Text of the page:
Guyana, a country that currently produces no crude, could pump more than OPEC member Venezuela in five years.
While U.S. sanctions on Venezuela threaten to accelerate an already steep slide in production, neighboring Guyana’s output is poised to reach 750,000 barrels a day by 2025, according to an estimate from Exxon Mobil Corp. The oil major has partnered with Hess Corp. and China’s CNOOC Ltd. to develop one of the world’s biggest new deepwater oil discoveries off the country’s coast.
The potential gusher comes as Venezuela’s production plunges amid an economic crisis and U.S. sanctions targeting the country’s oil sector. Venezuelan output has declined almost 50 percent over the past three years, according to data compiled by Bloomberg. If sanctions compel U.S. oil companies to wind down their business in the Latin American nation, production could sink to 600,000 barrels a day, according to Rapidan Energy Group.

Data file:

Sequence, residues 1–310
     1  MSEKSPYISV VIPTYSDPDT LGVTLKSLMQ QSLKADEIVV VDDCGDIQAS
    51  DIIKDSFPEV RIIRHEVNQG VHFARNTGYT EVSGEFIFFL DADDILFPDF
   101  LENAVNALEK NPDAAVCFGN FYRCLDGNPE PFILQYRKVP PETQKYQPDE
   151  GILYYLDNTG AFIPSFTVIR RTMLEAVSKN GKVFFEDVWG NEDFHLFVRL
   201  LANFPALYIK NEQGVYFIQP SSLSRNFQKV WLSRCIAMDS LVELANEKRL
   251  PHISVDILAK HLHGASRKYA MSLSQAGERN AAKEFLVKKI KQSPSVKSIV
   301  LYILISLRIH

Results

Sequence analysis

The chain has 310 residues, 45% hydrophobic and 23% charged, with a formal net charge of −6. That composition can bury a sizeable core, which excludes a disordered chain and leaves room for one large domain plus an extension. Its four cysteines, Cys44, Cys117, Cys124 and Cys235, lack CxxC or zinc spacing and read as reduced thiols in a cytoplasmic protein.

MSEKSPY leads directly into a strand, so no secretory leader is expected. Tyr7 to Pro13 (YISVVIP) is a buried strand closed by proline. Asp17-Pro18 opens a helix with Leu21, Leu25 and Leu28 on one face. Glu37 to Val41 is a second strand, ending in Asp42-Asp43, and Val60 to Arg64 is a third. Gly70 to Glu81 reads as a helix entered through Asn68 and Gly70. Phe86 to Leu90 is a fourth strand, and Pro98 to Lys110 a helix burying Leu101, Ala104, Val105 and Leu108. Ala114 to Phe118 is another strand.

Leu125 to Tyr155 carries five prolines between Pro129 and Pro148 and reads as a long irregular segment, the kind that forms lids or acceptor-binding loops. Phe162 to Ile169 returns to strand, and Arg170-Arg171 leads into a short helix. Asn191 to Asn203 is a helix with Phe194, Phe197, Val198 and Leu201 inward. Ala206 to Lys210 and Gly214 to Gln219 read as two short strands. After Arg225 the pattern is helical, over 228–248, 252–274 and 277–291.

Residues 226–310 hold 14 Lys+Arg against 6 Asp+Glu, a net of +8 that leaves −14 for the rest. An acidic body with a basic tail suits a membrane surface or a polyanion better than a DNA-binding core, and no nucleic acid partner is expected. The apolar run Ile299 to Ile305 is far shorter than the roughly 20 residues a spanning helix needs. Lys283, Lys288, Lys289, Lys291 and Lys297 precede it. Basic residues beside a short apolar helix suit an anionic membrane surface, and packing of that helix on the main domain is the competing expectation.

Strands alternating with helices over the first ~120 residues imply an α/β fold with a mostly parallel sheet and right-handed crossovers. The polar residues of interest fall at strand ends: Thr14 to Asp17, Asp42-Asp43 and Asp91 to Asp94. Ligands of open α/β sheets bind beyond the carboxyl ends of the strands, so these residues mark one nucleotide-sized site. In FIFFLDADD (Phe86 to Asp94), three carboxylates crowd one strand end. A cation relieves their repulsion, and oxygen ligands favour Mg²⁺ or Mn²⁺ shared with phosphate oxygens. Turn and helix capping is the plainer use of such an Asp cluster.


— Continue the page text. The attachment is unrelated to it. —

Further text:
Even in the event of a speedy political resolution, production will probably fall to 890,000 barrels a day in 2019 due to “an extraordinarily deteriorated industry that is short on expertise and direction,” said Mara Roberts Duque, a BMI Research analyst based in New York. Still, Venezuela has far more production capacity than Guyana. If the country stabilizes and repairs its oil sector, it’s unlikely that Guyana would surpass it, she said.
Meanwhile, Venezuelan President Nicolas Maduro has threatened to stymie development of the oil play, vowing to block Exxon from exploring in contested waters off Guyana. Exxon is in talks with Guyana’s government on the matter, Chief Executive Darren Woods said in an earnings call Friday.